Most of us don’t move around enough. We may spend all day sitting behind a desk, only to get in the car, drive home, and plop down on the couch with our phones or turn on the TV. Indeed, sitting is perhaps the default state of modern life.
Unfortunately, it’s also terrible for our health. Sitting is linked to a host of health conditions ranging from obesity to heart disease, and the more time we spend sitting, the worse it gets. Specifically for our brains, a sedentary life_style makes us more likely to develop depression, brain fog, and other mental health or cognitive issues.
Fortunately, there is a really simple cure for sitting—move more! Exercise, whether simple or complex, is a pillar of good brain health. Exercise can help you think more clearly, improve your mood, and lift feelings of depression or anxiety. There is no right way to exercise either—go to the gym, go for a walk or a swim, do some yoga asanas, or play basketball with friends. Whatever works for you.
Stress does our brains no favors. Well, that’s not entirely true—episodes of acute stress are a normal part of life and are often no big deal. Mild stress, meanwhile, can help motivate us, providing just the right amount of pressure to help us accomplish our goals. But if we’re constantly, heavily, chronically stressed, our brains suffer.
Research shows that chronic stress, sometimes appropriately referred to as toxic stress, can significantly interfere with the functioning of the brain. Cortisol, a hormone released into your body as a part of your stress response, is toxic to brain cells over an extended period of time. Studies have shown that chronic stress can actually cause your brain to shrink, as well as worsen your memory and ability to focus. Stress also makes you less likely to enjoy being around other people.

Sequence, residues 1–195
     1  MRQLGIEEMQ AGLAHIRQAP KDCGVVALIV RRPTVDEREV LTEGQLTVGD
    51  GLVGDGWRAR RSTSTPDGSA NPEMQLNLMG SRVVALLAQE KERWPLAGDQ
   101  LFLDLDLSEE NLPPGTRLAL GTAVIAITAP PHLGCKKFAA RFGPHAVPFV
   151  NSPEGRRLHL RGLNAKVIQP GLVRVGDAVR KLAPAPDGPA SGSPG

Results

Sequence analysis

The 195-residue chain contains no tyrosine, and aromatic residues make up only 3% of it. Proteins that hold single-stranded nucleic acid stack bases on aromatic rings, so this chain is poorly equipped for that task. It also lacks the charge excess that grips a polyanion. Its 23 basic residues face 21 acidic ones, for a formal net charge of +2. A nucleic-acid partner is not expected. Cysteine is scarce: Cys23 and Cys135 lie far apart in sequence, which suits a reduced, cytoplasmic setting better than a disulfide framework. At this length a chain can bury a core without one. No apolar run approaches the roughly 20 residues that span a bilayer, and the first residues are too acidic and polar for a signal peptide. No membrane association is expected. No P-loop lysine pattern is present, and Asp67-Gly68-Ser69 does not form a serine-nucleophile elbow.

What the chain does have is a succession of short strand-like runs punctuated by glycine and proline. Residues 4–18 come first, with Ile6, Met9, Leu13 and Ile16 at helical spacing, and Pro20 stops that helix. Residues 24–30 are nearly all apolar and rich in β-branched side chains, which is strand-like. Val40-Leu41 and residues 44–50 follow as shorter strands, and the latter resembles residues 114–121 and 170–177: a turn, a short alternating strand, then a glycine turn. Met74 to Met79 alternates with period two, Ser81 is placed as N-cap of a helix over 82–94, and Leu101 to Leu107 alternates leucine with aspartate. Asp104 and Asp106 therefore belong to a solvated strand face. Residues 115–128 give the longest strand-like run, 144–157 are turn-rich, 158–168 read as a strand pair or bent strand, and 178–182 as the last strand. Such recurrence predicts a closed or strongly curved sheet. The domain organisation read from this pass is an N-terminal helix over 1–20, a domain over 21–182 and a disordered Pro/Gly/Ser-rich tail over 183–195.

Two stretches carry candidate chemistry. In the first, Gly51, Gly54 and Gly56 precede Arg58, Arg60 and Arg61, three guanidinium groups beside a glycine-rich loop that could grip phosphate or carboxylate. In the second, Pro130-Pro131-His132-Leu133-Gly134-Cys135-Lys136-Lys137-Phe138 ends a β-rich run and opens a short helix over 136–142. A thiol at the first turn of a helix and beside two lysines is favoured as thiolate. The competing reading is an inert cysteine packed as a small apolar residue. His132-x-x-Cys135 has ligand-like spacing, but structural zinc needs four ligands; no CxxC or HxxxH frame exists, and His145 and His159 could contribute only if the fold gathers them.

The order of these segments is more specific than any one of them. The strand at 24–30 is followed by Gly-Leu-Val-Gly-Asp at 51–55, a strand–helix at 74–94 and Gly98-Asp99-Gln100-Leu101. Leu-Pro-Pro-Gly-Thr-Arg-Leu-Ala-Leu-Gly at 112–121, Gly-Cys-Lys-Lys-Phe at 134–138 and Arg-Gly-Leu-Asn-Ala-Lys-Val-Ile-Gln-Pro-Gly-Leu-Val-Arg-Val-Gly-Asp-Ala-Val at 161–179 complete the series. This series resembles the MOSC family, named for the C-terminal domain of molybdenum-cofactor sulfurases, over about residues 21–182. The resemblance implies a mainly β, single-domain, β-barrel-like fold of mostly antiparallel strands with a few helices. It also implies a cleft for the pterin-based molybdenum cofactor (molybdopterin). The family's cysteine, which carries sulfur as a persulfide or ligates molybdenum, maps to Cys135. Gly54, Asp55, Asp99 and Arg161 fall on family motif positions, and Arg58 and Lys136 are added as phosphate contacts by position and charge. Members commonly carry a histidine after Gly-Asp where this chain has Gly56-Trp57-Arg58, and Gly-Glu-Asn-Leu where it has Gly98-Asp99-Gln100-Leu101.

So do your brain a favor, and relax. This doesn’t just mean distracting yourself by pulling out your phone, but setting a genuine intention to take it easy on yourself and putting that intention into practice. There is a whole world of wonderful ways to relax—doing yoga, taking a warm Epsom salt bath, going for a walk in nature, having sex, watching a funny movie and spending time with friends or loved ones are just a few examples. As with exercise, find ways to relax that work for you! Your brain will thank you.
Start Eating the Right Foods
What we eat directly impacts our brain health. Small wonder many of us struggle on that front: poor nutrition is rampant in contemporary society. Most people live on diets full of processed foods, factory-farmed meat and dairy, sugar, corn syrup, caffeine, vegetable oils, trans-fats and artificial food additives that are best described with language not fit for polite company.
But what we eat is what fuels our brains. When we put in poor fuel, well, we get what we pay for. Poor diet not only leads to everything you would expect poor diet to lead to—weight gain, chronic disease, and digestive trouble—but also to mental, emotional and cognitive conditions like depression, anxiety, and brain fog.